Kahului Drive-In

310 W. Kaahumanu Avenue,
Kahului, HI 96732

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Kahului Drive-In

Maui Amusement Company’s Drive‐In Theater in Kahului. Hawaii’s second drive‐in theater venture (the first was the Honolulu Drive-In, Honolulu which has its own page on Cinema Treasures) opened on the island of Maui in 1955. Maui’s first drive‐in theater was developed by the island’s leading theater chain Maui Amusement Company, owned by M.G. Paschoal and H.B. Weller. The company had established itself in the theater business on Maui during the 1920’s and by the time of the planned drive‐in opening, the company owned thirteen theaters on the Valley Isle.

Sited on land off of Kaahumanu Avenue behind the Maui Vocational (Technical)l School, the ten‐ acre theater featured a 60‐foot high tower with a screen measuring 40 feet x 80 feet and could accommodate up to 440 automobiles. The theater opened on May 6, 1955, showing the 1953 release “Beneath the 12‐Mile Reef” starring Robert Wagner, Terry Moore and Gilbert Roland. Although the technology had been introduced two years earlier, the movie had the distinction of being the third CinemaScope movie ever made. The use of CinemaScope, an anamorphic lens that allowed movie producers to shoot in a wider aspect ratio than before, marked the beginning of today’s modern format for both photography and cinematography. With the new, wide‐screen CinemaScope technology, theaters hoped to obtain a competitive edge over their highly successful competitor, the television.

One of the first theaters in Hawaii equipped with this new projection equipment and wider screen, the Kahului Drive‐In showcased the theater’s new technological capabilities on opening night. The first two Cinemascope movies produced were “The Robe” and “How to Marry a Millionaire.” The Drive‐In at Kahului was the fourth theater (and the first drive‐in) in the territory to feature Cinemascope.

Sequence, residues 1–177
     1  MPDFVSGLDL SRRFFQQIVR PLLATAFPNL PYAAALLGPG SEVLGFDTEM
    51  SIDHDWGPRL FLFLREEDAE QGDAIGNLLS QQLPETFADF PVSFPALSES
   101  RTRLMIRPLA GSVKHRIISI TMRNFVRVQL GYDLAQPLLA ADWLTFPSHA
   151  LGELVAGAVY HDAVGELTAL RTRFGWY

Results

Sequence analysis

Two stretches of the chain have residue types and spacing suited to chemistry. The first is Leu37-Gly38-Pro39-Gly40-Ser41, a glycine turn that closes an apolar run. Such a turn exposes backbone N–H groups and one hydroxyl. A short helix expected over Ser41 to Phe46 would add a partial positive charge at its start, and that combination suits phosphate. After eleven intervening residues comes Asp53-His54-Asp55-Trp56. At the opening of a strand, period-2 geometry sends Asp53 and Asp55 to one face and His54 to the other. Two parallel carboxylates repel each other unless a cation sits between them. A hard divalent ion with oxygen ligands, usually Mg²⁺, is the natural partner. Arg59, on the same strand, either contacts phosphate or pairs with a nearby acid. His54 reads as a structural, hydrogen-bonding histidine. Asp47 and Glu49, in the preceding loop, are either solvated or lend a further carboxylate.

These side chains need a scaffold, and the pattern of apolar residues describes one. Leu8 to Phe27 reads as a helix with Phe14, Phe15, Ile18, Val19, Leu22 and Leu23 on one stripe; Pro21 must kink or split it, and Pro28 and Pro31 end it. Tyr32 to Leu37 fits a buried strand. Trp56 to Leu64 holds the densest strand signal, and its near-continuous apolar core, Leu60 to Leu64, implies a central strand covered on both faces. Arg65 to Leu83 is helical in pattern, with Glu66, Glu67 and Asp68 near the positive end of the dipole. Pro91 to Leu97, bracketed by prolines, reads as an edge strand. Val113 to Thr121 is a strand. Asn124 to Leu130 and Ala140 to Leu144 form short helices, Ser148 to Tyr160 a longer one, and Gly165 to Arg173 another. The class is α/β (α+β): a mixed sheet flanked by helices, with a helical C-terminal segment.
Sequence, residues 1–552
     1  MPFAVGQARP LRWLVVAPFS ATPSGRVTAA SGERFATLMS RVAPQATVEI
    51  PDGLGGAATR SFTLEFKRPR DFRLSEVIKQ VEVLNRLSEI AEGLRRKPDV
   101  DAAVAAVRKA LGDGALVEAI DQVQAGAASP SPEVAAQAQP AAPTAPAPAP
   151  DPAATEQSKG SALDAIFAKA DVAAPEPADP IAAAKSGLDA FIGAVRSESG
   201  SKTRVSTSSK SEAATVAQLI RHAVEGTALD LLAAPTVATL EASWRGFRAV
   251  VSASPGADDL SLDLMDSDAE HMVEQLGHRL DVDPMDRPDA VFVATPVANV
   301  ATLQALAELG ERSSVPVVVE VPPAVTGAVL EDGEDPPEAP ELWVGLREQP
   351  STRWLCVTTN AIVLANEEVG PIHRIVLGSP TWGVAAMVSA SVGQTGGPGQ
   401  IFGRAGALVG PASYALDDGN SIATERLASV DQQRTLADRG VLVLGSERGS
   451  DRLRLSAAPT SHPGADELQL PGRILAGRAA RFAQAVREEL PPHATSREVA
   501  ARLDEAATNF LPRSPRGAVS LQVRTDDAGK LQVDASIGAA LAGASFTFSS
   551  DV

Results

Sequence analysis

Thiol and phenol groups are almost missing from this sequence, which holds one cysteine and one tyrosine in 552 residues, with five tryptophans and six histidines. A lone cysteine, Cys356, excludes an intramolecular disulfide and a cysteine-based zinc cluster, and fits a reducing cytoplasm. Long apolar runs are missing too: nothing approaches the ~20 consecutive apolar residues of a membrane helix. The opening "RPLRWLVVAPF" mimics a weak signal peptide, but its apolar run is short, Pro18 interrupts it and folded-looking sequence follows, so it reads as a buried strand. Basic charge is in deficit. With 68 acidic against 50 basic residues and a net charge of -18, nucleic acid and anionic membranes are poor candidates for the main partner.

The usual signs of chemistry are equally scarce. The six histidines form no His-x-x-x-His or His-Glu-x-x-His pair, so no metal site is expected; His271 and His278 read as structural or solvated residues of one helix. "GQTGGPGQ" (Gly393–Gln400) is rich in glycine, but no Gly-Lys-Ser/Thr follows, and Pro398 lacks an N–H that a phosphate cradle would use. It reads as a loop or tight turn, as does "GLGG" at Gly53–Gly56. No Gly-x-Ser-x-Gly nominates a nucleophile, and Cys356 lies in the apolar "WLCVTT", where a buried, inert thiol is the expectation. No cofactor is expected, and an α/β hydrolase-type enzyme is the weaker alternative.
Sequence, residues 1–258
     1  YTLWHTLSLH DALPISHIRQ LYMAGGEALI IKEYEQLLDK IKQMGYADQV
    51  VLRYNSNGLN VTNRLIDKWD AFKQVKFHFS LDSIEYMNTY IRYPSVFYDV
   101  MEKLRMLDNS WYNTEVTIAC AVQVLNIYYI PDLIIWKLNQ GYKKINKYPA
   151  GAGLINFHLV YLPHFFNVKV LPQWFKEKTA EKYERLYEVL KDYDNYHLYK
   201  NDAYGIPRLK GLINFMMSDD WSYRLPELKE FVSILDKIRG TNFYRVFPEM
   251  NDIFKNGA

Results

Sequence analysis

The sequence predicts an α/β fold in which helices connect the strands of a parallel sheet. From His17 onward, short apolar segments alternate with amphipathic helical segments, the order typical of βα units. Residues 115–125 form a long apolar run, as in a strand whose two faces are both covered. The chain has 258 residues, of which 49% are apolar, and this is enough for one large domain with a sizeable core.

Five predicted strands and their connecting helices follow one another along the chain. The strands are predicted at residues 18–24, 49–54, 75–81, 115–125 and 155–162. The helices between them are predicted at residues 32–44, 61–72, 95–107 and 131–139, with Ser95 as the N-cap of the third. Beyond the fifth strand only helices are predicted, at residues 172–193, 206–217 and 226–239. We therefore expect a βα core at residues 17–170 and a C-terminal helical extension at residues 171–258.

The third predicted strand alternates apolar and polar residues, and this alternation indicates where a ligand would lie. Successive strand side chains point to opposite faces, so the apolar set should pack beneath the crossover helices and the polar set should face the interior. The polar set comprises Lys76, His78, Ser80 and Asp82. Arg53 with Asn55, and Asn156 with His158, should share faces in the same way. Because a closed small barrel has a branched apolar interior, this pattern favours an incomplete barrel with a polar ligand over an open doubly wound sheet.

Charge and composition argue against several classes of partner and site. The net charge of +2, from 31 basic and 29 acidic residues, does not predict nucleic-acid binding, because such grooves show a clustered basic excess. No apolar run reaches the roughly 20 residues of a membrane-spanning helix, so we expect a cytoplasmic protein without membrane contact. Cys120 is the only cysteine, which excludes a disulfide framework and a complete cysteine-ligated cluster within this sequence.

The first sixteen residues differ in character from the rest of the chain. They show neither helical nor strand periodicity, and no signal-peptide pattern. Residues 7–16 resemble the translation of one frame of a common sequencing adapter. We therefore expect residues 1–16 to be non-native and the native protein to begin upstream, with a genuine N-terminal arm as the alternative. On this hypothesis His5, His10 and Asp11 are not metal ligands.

Despite being at the forefront of movie technology, the Kahului Drive‐In had a short life, lasting a little over a dozen years before eventually shuttering on December 15, 1967. Like its Honolulu counterpart, business closure was not the result of poor attendance, but was rather due to the prime location of the theater and desire or necessity for development. The State of Hawaii acquired the land occupied by the Kahului Drive‐In for incorporation into the new 57.3‐acre Maui Community College campus. Ernest Paschoal, general manager of Maui Amusement Company, had initially hoped to construct a new drive‐in on another parcel of land. However, compensation received from the State for the transaction was insufficient to warrant such an investment, and Paschoal noted that “during the last few years, [the company] has been feeling the competition of television", with the drive‐in making most of its money during the summer months when students were out of school. With the closing of the drive‐in, Maui Amusement’s theater holdings dwindled from a high of fourteen at the drive‐in’s inception to only one indoor theater operation, the Iao.